Here's a thought experiment: imagine a world where the NOACs are the status quo in use at their current prices and warfarin is the new drug on the block, hyped as being equivalent but dirt cheap. Does anybody really think that warfarin, supported by the same data that Dr. Mandrola and I seem to disagree about, along with all of its challenges would ever get approved and accepted by clinicians on the basis of being an inexpensive alternative? I doubt it.
Dr. Mandrola's math and mine are the same, and he's right that this way of looking at treatment differences based on absolute rather than relative risks provides important insights. We agree that patients should be informed of differences in costs and high stakes outcomes and make their own decisions. We agree that the devil is in the details, but from my perspective, that devil is warfarin. It's almost as effective as the NOACs but the small difference is real and it affects life and death. While warfarin is cheap, NOACs are better and they provide value to many people that is very likely (especially in the case of certain NOACs) cost effective.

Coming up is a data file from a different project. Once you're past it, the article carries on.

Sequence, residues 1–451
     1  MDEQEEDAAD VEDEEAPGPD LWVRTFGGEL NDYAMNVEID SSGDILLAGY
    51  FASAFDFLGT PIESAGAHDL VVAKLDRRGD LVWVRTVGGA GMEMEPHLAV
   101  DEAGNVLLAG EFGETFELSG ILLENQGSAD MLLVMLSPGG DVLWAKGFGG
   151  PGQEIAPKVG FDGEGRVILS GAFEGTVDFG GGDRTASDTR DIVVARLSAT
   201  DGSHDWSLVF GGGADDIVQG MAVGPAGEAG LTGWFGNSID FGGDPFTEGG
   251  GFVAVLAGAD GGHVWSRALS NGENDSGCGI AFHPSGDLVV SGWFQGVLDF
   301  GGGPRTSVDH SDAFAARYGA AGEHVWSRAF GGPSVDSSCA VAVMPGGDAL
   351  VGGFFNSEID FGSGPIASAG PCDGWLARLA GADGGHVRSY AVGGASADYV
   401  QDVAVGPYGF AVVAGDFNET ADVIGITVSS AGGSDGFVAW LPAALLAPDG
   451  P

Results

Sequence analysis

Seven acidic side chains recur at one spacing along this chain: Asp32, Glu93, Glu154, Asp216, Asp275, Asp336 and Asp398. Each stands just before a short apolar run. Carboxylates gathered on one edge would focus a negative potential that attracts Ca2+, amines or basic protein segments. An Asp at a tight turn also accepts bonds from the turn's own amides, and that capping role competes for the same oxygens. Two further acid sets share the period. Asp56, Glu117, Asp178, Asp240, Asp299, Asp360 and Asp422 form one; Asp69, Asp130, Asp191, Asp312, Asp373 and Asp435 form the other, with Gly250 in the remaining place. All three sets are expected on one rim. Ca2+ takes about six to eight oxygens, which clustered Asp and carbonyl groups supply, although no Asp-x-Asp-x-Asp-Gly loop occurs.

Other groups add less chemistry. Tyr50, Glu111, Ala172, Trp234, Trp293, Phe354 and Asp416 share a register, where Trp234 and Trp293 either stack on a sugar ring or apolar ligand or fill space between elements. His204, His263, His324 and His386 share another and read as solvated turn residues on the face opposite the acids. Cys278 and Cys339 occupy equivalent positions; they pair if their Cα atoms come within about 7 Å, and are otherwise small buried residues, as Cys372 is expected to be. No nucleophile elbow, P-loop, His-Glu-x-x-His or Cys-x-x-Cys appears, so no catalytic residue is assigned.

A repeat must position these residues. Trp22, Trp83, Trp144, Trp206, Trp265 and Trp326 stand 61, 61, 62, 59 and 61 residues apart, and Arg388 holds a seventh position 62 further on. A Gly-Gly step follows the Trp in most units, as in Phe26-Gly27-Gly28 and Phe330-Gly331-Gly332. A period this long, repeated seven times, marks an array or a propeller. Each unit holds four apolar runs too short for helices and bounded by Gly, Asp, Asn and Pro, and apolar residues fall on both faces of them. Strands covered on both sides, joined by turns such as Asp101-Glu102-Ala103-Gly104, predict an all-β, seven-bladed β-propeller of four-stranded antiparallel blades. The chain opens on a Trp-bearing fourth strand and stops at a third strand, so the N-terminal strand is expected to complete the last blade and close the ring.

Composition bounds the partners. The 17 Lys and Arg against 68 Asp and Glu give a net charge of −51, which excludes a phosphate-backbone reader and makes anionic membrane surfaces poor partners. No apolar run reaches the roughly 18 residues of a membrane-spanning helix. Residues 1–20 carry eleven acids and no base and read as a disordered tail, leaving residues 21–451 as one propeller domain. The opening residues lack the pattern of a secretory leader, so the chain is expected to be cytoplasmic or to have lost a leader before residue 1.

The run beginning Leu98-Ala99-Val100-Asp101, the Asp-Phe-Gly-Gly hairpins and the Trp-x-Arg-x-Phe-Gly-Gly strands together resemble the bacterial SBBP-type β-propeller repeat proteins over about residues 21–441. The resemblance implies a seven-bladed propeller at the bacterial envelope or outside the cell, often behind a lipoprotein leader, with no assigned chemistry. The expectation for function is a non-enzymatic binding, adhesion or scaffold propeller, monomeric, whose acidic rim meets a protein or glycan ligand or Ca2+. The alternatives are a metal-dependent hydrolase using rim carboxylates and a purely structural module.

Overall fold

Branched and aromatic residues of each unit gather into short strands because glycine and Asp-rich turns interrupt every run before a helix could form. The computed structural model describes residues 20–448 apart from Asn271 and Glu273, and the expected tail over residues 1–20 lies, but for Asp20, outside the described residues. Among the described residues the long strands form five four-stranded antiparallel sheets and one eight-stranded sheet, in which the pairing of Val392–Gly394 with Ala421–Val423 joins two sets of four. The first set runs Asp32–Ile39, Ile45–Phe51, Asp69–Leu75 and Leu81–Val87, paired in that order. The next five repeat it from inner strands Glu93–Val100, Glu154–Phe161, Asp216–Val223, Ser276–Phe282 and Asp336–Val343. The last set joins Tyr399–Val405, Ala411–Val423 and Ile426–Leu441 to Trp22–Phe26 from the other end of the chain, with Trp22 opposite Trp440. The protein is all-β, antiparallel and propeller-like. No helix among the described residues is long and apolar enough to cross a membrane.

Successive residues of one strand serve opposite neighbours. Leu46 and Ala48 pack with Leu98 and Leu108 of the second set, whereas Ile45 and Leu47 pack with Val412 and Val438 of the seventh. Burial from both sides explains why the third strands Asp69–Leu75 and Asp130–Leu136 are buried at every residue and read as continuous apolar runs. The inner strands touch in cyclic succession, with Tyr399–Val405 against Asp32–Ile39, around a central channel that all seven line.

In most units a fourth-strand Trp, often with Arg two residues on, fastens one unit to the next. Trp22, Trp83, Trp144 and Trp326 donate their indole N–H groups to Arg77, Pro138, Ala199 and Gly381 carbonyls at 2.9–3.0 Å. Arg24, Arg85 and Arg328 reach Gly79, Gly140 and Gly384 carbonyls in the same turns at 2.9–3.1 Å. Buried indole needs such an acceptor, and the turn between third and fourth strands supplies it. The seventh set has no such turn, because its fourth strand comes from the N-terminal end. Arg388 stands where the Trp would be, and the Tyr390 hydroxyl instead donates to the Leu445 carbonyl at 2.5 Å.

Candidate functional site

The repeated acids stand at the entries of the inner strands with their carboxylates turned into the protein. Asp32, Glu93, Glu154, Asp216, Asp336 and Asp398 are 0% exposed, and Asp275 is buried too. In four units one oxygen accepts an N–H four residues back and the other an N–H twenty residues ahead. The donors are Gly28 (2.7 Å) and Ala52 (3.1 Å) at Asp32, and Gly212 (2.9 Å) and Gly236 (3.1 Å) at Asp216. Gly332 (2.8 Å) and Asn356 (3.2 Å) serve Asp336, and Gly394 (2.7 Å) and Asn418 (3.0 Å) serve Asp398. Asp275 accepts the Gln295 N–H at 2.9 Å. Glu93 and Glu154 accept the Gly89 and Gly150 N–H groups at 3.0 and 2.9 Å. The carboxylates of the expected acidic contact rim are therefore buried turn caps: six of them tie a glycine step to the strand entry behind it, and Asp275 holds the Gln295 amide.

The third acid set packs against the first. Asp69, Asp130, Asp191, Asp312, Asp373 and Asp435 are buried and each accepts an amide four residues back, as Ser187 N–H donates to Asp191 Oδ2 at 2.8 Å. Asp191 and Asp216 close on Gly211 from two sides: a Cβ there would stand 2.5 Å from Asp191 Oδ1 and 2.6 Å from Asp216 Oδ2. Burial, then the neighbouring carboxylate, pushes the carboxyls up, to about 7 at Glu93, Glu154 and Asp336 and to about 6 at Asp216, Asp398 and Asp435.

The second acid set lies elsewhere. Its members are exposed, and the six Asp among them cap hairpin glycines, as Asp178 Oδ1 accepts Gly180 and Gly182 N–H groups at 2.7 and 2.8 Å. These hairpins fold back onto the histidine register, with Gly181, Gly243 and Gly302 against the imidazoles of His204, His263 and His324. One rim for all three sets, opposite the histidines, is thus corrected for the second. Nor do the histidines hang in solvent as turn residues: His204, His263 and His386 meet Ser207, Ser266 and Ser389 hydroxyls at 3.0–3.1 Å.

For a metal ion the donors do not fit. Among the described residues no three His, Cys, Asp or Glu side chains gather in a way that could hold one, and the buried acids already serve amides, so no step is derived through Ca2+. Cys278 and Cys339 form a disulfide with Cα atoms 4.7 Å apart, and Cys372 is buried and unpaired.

I wonder if Dr. Mandrola still stands by his earlier conclusions ...
*Try telling that to Serbia's Milorad Cavic, whom Michael Phelps beat by a thousandth of a second to win his record-tying seventh Olympic gold medal in the 100 meter butterfly. With less than a metre to go, Phelps trailed Cavic, whose fingers were gliding inches away from gold. But Phelps' last half stroke made the difference as his arms flew around and out-touched his competitor. Phelps did the exact same thing in the same event 4 years earlier, winning gold over fellow American, Ian Crocker by just 4 thousands of a second.